18. I picked this one up as an addition to my current trend of naturalist texts. It's a charming book, something of a cross between Darwin and Thoreau. First-hand observations, locally focused without the broader musings Thoreau favored. It's important to remember that the letters that comprise this book are the fruits of decades of recorded observations of his hometown of Selborne. The first half is a slow-going for a non-naturalist, because he is primarily stating the natural facts of Selborne wit [...]


    19. I found the first part of this book, on the Natural History of Selbourne, to be an excellent read; it was fascinating to see the beginnings of scientific study into the natural world and it was eye-opening to read of some of the observations that Gilbert White made without the benefit of modern technology such as binoculars. I was less enamoured with the latter part of the book on the Antiquities of Selbourne; this was very much focused on the priory and religious history of Selbourne and as som [...]


    20. This is a book to re-read. White's prose is rich and evocative, and its beauty stems from his familiarity with his subjects. He describes swallows so well because he watched them every day.His complacency about murdering just about everything he can is a bit disturbing and a bit funny - a paraphrase would be 'Lately, have observed charming little bird, rare hereabouts, seemed about to breed. Anyway, I shot it'. He describes acts of horrific cruelty (the landowner who tortured a sparrowhawk, for [...]


    21. Interesting to have read such a classic, inspired to do so by Simon Barnes' account of how it was Gilbert White who worked out that the Willow Wren was not one species but three. Such a window into another age to read his reasoning, up and down through the whole book, about whether Swallows and Swifts migrate or hibernate. He comes down in favour of the latter after assessing the evidence. Years of pondering and looking at the evidence: such a wrong conclusion. Also strange to read the lack of c [...]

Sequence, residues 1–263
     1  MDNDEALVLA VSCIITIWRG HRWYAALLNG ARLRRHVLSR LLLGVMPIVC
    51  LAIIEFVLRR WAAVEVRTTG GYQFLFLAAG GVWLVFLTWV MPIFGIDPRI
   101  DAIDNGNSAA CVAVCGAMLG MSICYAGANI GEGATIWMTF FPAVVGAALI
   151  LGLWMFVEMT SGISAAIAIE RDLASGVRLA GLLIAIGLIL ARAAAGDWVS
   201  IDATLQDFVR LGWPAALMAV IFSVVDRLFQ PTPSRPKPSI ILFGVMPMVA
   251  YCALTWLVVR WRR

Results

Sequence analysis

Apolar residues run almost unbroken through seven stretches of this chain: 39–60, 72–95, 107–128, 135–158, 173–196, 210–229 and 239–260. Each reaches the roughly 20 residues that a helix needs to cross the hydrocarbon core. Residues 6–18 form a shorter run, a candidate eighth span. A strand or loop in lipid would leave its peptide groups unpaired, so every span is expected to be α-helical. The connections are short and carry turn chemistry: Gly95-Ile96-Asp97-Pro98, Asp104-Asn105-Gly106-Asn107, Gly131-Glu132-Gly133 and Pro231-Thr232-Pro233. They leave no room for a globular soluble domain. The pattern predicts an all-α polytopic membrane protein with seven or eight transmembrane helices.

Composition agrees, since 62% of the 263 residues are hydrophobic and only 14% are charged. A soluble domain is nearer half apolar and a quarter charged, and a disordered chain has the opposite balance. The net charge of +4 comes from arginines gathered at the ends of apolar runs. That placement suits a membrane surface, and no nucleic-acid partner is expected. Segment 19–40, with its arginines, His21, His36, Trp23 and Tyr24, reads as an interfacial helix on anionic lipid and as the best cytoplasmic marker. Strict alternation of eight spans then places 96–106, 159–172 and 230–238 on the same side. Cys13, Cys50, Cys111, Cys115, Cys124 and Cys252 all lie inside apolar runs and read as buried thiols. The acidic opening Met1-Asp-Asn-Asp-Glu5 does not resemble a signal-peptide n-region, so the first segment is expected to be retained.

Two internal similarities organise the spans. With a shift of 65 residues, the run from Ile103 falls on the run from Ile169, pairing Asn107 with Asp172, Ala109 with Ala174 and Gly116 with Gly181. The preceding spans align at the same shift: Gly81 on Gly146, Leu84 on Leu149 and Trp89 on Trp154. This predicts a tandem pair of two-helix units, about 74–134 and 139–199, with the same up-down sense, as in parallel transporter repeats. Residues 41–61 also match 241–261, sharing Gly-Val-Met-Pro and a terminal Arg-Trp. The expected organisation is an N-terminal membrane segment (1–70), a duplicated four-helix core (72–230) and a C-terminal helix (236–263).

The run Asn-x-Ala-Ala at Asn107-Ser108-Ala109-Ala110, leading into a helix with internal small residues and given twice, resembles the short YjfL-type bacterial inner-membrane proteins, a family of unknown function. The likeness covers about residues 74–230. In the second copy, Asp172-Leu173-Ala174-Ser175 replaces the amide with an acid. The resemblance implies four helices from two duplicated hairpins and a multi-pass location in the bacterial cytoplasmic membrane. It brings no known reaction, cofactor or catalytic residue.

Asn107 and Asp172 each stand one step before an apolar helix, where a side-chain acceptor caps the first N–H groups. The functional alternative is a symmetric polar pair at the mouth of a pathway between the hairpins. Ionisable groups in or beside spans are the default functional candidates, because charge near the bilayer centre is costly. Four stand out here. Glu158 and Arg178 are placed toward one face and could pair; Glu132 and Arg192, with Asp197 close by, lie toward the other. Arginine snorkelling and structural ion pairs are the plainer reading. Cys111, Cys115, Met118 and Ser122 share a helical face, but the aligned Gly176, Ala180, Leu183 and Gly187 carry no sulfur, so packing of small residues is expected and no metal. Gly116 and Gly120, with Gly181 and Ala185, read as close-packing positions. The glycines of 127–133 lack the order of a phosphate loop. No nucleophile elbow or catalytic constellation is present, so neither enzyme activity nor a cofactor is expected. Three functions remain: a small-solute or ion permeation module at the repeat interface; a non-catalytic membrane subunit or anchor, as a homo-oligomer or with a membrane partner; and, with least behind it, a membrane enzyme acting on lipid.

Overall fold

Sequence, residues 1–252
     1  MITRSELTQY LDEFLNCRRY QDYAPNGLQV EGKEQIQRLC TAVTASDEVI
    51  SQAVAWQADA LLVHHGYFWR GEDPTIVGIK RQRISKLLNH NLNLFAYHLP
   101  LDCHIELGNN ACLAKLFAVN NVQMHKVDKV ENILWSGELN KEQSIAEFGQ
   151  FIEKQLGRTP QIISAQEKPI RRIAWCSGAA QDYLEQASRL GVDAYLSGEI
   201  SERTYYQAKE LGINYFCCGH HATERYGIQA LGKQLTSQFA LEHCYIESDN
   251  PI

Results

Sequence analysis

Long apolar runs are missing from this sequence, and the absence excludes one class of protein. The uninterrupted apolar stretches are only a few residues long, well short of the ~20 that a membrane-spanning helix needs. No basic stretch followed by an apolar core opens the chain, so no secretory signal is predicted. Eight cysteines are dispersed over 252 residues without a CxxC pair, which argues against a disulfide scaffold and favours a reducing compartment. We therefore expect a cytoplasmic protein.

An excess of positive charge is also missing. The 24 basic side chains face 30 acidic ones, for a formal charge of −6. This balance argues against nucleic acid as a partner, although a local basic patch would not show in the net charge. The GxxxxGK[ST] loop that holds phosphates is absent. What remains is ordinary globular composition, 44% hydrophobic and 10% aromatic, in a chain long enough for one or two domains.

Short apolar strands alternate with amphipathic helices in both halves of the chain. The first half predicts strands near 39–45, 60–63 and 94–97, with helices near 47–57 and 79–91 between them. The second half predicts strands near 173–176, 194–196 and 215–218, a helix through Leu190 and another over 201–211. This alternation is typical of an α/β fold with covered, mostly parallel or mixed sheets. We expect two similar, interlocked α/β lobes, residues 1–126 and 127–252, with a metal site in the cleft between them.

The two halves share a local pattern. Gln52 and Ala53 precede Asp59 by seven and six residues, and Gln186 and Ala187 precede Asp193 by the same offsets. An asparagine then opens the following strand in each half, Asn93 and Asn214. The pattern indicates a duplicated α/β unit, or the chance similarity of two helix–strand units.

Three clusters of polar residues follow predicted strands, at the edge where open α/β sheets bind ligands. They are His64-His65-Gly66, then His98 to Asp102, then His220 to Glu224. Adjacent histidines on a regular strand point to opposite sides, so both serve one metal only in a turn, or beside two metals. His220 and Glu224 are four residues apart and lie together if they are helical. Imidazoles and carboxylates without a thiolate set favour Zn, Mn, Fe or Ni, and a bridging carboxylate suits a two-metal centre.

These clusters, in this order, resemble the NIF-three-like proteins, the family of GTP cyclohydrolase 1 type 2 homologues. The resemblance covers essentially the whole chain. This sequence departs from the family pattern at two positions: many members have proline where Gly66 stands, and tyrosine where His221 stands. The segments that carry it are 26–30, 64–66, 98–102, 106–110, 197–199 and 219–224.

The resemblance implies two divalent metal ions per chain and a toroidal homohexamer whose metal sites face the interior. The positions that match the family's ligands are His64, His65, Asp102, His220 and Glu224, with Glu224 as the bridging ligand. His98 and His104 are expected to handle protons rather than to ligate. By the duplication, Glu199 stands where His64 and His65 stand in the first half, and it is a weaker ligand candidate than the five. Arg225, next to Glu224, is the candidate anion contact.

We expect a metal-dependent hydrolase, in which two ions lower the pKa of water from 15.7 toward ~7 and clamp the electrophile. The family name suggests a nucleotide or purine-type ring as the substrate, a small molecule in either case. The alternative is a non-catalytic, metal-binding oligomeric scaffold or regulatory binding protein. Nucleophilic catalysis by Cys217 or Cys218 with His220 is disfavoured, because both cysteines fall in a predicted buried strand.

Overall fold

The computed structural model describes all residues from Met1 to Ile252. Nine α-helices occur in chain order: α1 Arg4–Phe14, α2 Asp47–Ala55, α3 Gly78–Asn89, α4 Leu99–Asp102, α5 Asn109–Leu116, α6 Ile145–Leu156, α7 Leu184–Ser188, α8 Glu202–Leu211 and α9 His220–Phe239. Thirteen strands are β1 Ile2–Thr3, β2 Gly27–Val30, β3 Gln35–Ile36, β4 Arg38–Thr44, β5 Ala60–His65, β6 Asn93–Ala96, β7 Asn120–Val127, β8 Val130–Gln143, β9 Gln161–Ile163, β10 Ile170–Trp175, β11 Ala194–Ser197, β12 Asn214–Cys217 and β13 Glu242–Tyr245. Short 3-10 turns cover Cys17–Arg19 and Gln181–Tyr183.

22. Having visited Gilbert White's house, The Wakes, in Selborne, several times, this book comes alive for me. Many of the places he mentions are still largely as they were. Go and see for yourself, if you can. Even now, there is much to be learned from him (including the mistakes he made!) about the observation of nature, and I have re-read the book many times with huge enjoyment. Highly recommended.


    23. Blurring the line between professional and amateur, the accomplished observations and hypotheses set out in the book stand within less than a century of Linnaeus. Astonishing to see, important to note what can be accomplished through dedication and the rigorous application of natural capacity vs. reliance on certifications.


    24. Try to get the Cressex edition if you can. Good introduction and reference notes. And just the right size for reading quietly beneath the willow tree. For me, a long term favourite. (I do have one or two (!) different copies) A classic, and one you can pick out two or three pages to read at any time. Wouldn't be without it. (A visit to the village is not a bad idea either)


    25. Abandoned. I would recommend it if you are into bird watching and natural history, as my friend who recommended this is, but I found it too boring. There are plenty of books I would enjoy a lot more, that I will never get to read, so I'm moving on.


    26. I read this book to better understand the execution of observation in writing. He nails it with his intricate discoveries and deductions. Great to read a letter and muse over it as you start the day.


    27. While I didn't particularly enjoy this book it would be wonderful for anyone interested in natural history. I found it a hard read because I read it for class in a week. A rather dull book to speed through.


    28. Universally accepted at the very first book ever published in the genera of natural history writing. Much of it is common knowledge today but much of White's observations on migration and nesting were unproved when he wrote in the 1700s. A treasured addition to my collection.



    29. Of course it's a great and enduring favourite. But I loved the history and antiquities as well, being a history nerd, so if a copy misses this out, I feel cheated. My copy has the full monty!